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Parties and Invitations, Vol. 4, Issue 25

Dear Etiquetteer: I’m about to send out invitations for a "milestone" birthday party. One of the issues I have is space at the party place. Since the number of people I plan to entertain is limited to 80-100, and since this limitation has financial repercussions (open bar up to a certain amount of money) how can I emphasize that yes, in fact, I DO need an RSVP and we need it as soon as possible, and no, you cannot bring friends so don’t ask and for gods sake don’t just bring them.It’s particularly a problem for me since my guest list is used to my very casual brunch invites, which have encouraged people to bring friends and I long ago gave up even expecting a reply to an RSVP. At first I thought of asking you for a kind way to address these issues, but frankly with this bunch I want to find a way to say it that isn’t so veiled in social niceties that people don’t get it or choose to see beyond it. I realize that will always be some people who feel "Don’t even @#(*in’ think of bringing a guest!" doesn’t apply to them, but I am open to suggestions.Dear Hostly:Well, we are just infected with the spirit of hospitality, aren’t we? Etiquetteer knows many people who entertain casually who become alarmed when attempting a more formal party. Well, "formal" may not be the word – "advanced" probably sums it up best. This is the kind of party that one does outside the home, at a hotel or function hall, with a caterer when one usually just whips up an omelette in the kitchen at home for ten people. Weddings most frequently fall into this category.Because your guests’ expectations of this party will be different, you need to communicate that your expectations of them are also different. The most traditional way to emphasize that your guests may not bring guests of their own is to write the names of those invited on the invitation, as in "Mr. and Mrs. G.D. Fargin-Bastidge are cordially invited . . . " Somehow Etiquetteer doesn't see you superscribing all your invitations . . .How about adding "We regret that we cannot extend invitations to additional guests" at the bottom under the R.s.v.p. information? That would get the point across explicitly without pointing fingers. As to getting people to respond by your deadline, the traditional admonition on an invitation is "The favour of a reply is requested." (Please notice the u in "favour.") A more hard-line approach, which Etiquetteer does not necessarily endorse, is "Responses will not be accepted after _____________."As you calculcate your response date, take the caterer's deadline (usually five business days before the event) and add two days. But Etiquetteer knows you’ll spend them phoning and e-mailing everyone anyway.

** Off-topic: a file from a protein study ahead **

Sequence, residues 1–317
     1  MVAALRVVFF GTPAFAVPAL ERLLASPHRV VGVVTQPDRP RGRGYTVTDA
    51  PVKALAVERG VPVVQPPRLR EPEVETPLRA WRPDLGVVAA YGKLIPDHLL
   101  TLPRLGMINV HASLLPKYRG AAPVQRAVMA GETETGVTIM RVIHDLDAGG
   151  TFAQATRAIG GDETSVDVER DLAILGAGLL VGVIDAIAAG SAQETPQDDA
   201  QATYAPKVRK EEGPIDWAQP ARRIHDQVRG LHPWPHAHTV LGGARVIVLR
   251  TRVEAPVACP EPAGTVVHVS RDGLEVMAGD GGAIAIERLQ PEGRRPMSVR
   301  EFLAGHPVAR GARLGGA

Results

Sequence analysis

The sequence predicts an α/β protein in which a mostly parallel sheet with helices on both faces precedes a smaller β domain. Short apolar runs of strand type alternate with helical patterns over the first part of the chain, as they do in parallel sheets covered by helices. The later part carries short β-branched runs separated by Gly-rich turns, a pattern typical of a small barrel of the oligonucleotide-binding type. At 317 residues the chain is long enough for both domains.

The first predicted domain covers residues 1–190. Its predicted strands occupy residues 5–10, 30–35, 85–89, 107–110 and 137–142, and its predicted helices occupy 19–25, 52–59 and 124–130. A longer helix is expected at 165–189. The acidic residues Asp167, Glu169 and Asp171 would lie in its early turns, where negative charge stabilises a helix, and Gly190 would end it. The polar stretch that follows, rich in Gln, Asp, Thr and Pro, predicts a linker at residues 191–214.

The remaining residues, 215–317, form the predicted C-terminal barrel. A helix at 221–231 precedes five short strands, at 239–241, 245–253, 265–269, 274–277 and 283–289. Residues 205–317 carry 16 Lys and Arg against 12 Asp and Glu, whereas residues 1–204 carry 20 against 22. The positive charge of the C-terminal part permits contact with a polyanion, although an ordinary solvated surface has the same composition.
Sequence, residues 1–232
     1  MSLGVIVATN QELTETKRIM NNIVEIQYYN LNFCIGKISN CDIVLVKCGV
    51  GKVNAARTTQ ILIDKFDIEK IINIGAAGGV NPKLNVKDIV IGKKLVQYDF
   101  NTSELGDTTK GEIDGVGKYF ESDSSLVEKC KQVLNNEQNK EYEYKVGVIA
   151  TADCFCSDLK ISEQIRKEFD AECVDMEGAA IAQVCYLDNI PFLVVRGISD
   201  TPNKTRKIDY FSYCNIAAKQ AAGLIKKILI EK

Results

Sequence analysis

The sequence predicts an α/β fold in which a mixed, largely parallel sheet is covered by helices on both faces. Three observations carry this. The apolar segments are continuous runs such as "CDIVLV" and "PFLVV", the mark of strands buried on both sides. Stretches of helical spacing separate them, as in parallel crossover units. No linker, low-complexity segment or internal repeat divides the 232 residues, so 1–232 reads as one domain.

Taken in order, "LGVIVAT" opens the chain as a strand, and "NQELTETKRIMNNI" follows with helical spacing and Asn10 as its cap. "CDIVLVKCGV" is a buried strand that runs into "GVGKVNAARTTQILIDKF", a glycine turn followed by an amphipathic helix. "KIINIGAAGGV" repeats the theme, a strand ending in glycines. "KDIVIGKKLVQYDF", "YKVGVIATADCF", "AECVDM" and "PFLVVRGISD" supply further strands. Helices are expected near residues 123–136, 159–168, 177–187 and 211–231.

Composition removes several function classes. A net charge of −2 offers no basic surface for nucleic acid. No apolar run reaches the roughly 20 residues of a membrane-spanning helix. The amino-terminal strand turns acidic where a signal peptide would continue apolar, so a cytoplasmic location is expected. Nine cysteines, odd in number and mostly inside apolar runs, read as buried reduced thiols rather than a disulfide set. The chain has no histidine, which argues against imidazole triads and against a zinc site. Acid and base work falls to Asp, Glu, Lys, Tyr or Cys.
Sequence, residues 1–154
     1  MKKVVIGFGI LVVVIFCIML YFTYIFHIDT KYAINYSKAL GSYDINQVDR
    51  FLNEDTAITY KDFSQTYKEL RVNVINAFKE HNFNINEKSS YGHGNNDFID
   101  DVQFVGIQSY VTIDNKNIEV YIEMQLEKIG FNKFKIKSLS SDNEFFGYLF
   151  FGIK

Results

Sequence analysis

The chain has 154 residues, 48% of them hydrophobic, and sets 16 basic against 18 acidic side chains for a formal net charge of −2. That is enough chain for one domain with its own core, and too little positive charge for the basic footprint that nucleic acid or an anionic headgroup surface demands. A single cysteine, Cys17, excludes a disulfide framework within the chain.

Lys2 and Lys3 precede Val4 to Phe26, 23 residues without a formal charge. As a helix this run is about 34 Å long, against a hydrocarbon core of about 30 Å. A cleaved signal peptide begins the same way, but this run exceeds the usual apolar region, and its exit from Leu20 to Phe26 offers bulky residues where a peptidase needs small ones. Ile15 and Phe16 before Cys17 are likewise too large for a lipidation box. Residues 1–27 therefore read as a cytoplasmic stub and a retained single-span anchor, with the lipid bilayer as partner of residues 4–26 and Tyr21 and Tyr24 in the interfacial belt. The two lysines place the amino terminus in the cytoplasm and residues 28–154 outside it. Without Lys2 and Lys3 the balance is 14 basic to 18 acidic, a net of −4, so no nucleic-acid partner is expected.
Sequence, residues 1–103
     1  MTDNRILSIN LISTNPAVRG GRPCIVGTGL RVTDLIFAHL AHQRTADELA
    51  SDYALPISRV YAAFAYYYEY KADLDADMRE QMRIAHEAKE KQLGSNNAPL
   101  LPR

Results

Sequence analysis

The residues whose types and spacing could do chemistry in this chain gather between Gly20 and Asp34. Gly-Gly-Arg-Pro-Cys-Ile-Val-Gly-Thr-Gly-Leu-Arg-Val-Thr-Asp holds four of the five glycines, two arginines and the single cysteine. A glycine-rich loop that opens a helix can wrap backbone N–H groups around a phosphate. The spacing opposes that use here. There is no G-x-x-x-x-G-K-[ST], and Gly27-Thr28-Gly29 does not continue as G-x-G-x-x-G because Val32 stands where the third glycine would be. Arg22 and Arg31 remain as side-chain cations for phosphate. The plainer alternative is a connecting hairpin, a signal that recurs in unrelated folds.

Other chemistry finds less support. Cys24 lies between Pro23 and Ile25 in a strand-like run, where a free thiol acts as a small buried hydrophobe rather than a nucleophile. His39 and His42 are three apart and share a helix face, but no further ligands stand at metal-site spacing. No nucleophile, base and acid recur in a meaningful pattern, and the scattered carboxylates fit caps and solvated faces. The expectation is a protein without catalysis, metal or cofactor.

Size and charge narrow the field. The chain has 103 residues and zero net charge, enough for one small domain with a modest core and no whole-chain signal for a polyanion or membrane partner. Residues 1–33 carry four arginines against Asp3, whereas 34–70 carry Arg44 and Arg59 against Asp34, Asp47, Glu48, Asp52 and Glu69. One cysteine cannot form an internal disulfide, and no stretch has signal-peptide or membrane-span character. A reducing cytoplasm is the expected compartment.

Dear Etiquetteer: My husband and I heatedly disagree on the subject of who is obligated to attend an engagement party. His brother recently became engaged, and an engagement party is planned. My mother-in-law insists that her other two adult children and families travel 255 miles to attend. I maintain that the party is for the in-laws to get acquainted and siblings need not be present.The party happens to be the same weekend as a festival in my own hometown, 225 miles in the opposite direction, which I take our children to every year. Must I cave and go to the blasted party? Please respond soon! Dear Party Pooper: Etiquetteer feels obliged to point out that you have trapped yourself into going to this engagement party through your own definition: "for the in-laws to get acquainted." Ahem, do you not realize thatyou yourself are an in-law? Your brother-in-law is getting married, and over and above what your mother-in-law thinks, you may want to take his feelings into account. You might also want to welcome his bride-to-be into the family and give her some pointers on getting along with the matriarch. These alliances cannot be formed too soon . . . Incidentally, an engagement party need not be limited to the families of the betrothed, but may certainly include any friends or colleagues they wish. Frequently marriage brings together more circles than just family circles.Your hometown festival takes place annually, but your brother-in-law will marry only once (at least he’d better marry only once). Missing one year is not going to be as big a deal as missing this party. And let’s face it, no one at the festival will be visiting you in the hospital as much as your husband’s family. Etiquetteer urges you to take a pass on the hometown this time and attend the party with a happy heart.